A funeral plan can avoid causing unnecessary debt for those you leave behind.  For further information on what funeral plans can do and how much they cost, simply contact a member of the IWC team.

Funeral Planning on a budget

 

I watched an interesting item the other day, featured on the Daybreak programme, which discussed how many people felt the charges for organising a funeral were excessive and how some companies in the industry were taking advantage of these people at a vulnerable time.

The feature went on to talk about how although on average, funerals tend to cost around anywhere up to £7000, there are ways to reduce this cost considerably, if you’re prepared to plan most of it yourself.

It may surprise you to know that hiring a funeral director to arrange everything is not a requirement, although at such a difficult time, most of us choose to hand over the funeral planning details to someone with experience.

We all have differing views on burial and cremation which may not even necessarily depend on our religion. It’s worth having the conversation now with your spouse, siblings and parents, to see whether they have any strong views, one way or the other. What should be bourne in mind is that a burial can cost substantially more than a cremation.

Whilst you’re having that conversation, why not also find out if they have any preferences with regards to a coffin? If they want to be cremated when the time comes, then buying an expensive coffin may not be a sensible choice if the budget is tight. Costs can vary widely, depending on choice of wood and accessories. If your loved one cares about the environment, they may even opt for a bio-degradable coffin, rather than an expensive wooden one.
Items such as flowers and stationery can also be bought quite reasonably, if you take the time to shop around.

Although it’s traditional to hold a reception of some kind after the funeral, so that friends and family can socialise, share their memories and pay their respects; remember that this doesn’t have to be held in a pub or other venue. Why not hold it in the deceased’s home or your home instead and ask close relatives to help out with the catering? In many cases, they’ll be glad that they can play an active part and it will give them something else on which to focus.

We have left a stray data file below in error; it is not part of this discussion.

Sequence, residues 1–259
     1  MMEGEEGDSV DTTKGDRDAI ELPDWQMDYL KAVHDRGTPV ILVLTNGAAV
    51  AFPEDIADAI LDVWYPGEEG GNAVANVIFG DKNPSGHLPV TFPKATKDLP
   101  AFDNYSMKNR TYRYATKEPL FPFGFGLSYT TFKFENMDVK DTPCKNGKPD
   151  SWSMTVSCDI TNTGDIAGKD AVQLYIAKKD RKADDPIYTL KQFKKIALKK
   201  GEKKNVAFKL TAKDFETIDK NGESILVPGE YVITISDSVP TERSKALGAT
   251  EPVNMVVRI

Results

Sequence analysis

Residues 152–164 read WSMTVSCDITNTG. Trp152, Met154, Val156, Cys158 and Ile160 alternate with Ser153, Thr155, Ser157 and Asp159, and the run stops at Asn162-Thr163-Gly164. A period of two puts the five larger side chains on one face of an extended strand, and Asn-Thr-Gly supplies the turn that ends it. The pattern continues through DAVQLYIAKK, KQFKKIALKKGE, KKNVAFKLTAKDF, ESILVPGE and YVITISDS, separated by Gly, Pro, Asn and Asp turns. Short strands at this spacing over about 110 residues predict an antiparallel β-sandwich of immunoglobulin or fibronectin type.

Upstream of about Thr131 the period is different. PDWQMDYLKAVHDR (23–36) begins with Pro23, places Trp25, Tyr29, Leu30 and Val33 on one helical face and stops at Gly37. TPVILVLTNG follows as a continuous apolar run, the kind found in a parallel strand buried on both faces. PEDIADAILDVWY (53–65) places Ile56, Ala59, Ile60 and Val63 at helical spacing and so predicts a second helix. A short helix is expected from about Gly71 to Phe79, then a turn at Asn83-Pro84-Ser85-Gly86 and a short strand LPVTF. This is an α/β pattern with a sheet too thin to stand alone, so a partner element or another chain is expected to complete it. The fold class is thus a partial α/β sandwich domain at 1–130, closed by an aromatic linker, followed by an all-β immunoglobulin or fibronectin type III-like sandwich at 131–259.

Finally, the last thing you want is to cause your family financial hardship and additional stress, to add to their grief when you’re gone. Why not do one last thing for them and plan in advance by paying small amounts into a funeral plan, so they don’t have to worry so much about budgeting for your funeral?  For help with funeral planning please call us

Why choose a funeral plan?

 


 

With the average cost of a funeral now exceeding £5000 and rising by around 7% annually, it’s worth allocating money now to help with your funeral costs. By doing so, you’ll be sparing those left behind, the financial strain and unnecessary stress caused when trying to find the money to give you a decent funeral.

Confused.com carried out research which revealed that over the last five years, about 100,000 people have been given a pauper’s funeral, yet around 80% of us still have no savings or funeral plan in place for this eventuality.

Usually costing around £2000 – £4000 in total, with payments starting at about £34 per month, a funeral plan will often state that acceptance is guaranteed, and that medical or health history is required.  One of the advantages of a plan such as this is that whilst funeral fees continue to rise by 7% per year, your funeral plan payment will often remain the same throughout the length of the term.

Additional extras can be added into your package, including your favourite flowers or readings, giving a personal touch to the proceedings.

Be careful to check the cover required, along with any restrictions, however.  Some plans will ask for additional money to cover the distance travelled by the undertaker, cremation or your burial plot.